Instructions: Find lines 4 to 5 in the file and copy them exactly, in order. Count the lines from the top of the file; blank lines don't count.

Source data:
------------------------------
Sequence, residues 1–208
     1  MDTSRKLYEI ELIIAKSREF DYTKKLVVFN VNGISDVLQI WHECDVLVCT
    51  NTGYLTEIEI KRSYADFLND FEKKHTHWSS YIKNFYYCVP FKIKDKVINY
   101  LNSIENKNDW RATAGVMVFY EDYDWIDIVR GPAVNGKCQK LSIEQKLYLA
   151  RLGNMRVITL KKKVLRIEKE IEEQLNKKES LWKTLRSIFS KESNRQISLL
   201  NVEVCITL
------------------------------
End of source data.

   101  LNSIENKNDW RATAGVMVFY EDYDWIDIVR GPAVNGKCQK LSIEQKLYLA
   151  RLGNMRVITL KKKVLRIEKE IEEQLNKKES LWKTLRSIFS KESNRQISLL